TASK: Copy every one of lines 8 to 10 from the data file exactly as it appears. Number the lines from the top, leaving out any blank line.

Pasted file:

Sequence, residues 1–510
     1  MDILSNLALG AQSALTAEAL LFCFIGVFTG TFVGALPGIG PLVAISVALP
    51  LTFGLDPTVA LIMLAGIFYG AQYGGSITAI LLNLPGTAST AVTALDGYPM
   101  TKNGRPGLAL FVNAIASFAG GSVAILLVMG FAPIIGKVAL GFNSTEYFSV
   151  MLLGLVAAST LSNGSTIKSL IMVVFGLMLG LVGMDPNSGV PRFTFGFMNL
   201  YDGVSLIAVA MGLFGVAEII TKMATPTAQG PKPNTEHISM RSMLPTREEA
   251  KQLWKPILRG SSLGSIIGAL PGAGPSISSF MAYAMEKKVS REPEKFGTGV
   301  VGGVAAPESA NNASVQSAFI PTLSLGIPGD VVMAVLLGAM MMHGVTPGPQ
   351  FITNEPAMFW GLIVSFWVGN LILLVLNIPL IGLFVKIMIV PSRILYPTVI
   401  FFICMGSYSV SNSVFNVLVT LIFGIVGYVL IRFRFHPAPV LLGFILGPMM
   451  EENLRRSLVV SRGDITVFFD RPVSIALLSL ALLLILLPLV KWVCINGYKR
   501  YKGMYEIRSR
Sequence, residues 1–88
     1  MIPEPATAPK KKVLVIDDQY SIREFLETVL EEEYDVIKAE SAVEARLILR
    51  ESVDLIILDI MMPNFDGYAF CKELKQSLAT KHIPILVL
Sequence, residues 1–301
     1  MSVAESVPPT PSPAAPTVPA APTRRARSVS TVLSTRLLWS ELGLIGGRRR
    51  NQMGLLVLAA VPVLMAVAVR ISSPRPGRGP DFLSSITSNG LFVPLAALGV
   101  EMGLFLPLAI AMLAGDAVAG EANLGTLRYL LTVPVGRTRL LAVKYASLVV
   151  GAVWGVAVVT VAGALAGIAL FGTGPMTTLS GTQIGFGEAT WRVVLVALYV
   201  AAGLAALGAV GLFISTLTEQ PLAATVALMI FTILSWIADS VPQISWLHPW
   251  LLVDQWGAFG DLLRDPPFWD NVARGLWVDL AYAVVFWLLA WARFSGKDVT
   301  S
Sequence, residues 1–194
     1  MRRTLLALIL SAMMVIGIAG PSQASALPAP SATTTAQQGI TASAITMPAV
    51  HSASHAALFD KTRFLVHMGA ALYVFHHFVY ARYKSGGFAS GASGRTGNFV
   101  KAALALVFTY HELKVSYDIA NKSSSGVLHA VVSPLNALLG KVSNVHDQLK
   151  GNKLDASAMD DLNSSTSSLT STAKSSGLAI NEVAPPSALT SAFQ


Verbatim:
   301  VGGVAAPESA NNASVQSAFI PTLSLGIPGD VVMAVLLGAM MMHGVTPGPQ
   351  FITNEPAMFW GLIVSFWVGN LILLVLNIPL IGLFVKIMIV PSRILYPTVI
   401  FFICMGSYSV SNSVFNVLVT LIFGIVGYVL IRFRFHPAPV LLGFILGPMM